Years later, it eventually became understood how to keep corals alive and the reef tank concept was born. I have been in the hobby keeping Saltwater and reef tanks on and off for the last 30 years including propagating corals to help pay for my hobby.
About 13 years ago, I created the website www.ReefCorner.com in an effort to chronicle my own experiences and to pass on useful information to others in the hobby. Though the website received quite a bit of traffic, it was not maintained for the last few years as work kept me quite busy. That, and a major tank crash in my 225 gallon reef tank I had at the time, sucked the fun out of the hobby for a while, as anyone that has gone through a major tank crash knows. Here is a picture of that tank shortly before the crash.
Our most recent tank was a 300 gallon tank that was setup like a tide pool and half filled with water. I referred to it as the ‘Puddle tank’ since it was more puddle than tide pool. It was also my first (and last) attempt to setup a reef tank with only man-made live rock and lace rock. This tank never really got much traction since it was built into the wall between the house and garage and shortly after setting it up we had decided we were going to sell the house. We convinced ourselves that a wet bar would be more appealing to potential buyers than a 300 gallon tank poking through from the garage into the family room, so it was dismantled. Subsequently we decided not to move after all, but we still have a nice wet bar.
The puddle tank was originally designed and setup as a paladarium which is a freshwater tank that is half water and half land as though you are looking at a cross section of a stream so it was specifically designed to be only half filled with water. Below is what the tank looked like during that setup. In the picture below it is in a 225 gallon tank, but I subsequently upgraded it to a 300 gallon tank after a nail gun incident during some remodeling.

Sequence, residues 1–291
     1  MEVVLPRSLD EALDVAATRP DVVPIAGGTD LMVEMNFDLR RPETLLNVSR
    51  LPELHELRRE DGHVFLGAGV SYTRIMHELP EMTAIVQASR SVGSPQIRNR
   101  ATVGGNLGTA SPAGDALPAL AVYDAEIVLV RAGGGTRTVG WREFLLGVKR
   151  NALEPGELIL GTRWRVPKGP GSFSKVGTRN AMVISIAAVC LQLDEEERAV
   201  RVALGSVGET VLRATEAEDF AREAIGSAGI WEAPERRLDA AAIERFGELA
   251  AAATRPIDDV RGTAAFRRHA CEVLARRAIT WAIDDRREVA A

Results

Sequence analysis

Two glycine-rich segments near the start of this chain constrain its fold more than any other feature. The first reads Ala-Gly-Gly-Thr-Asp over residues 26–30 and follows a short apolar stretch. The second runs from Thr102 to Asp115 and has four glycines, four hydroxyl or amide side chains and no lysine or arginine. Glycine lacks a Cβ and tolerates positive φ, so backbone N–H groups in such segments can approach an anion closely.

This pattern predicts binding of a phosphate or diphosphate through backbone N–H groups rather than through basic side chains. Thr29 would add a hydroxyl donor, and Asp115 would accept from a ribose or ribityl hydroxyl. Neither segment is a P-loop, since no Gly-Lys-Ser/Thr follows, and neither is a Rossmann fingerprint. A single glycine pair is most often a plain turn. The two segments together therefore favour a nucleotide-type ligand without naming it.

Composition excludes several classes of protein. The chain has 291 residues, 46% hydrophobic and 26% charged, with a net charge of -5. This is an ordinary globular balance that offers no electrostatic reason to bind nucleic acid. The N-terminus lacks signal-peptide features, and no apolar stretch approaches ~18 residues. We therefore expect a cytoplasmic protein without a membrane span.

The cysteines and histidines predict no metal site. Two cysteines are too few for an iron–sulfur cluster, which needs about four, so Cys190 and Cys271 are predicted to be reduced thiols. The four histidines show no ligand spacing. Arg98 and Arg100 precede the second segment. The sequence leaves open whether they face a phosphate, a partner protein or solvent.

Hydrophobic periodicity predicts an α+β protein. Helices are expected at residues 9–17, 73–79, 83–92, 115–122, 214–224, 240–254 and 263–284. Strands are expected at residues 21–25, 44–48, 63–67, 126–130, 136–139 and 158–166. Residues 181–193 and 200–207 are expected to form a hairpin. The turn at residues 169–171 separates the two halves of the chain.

Along the way, I have also been interested in horticulture of various types and I currently have a 10’ Coffee tree in my garage under artificial lighting which is putting on its first bunch of coffee berries. This was grown from a seed given to me by a coffee farmer on Kona a couple of years ago. Though it will be fun to roast up the beans when they are ready, I’m guessing that they are going to taste more like Oregon coffee than Kona coffee.
This brings me to the present time where I have decided to reinvent ReefCorner as both the informational website that it used to be (only better) as well as to start leveraging my knowledge in electronics and LEDs to be able to start offering products that offer good value to both the reef aquarium and plant growing enthusiasts since both areas can benefit greatly from the latest in LED lighting technology.
My wife and business partner Shelby is a Program Manager for an electronics manufacturing company. She also enjoys the reef keeping hobby, but more from the viewing side of the tank glass.
She will be focusing on the accounting and marketing aspects of the business in her spare time while I focus on the website, sales and technical aspects of the business full time.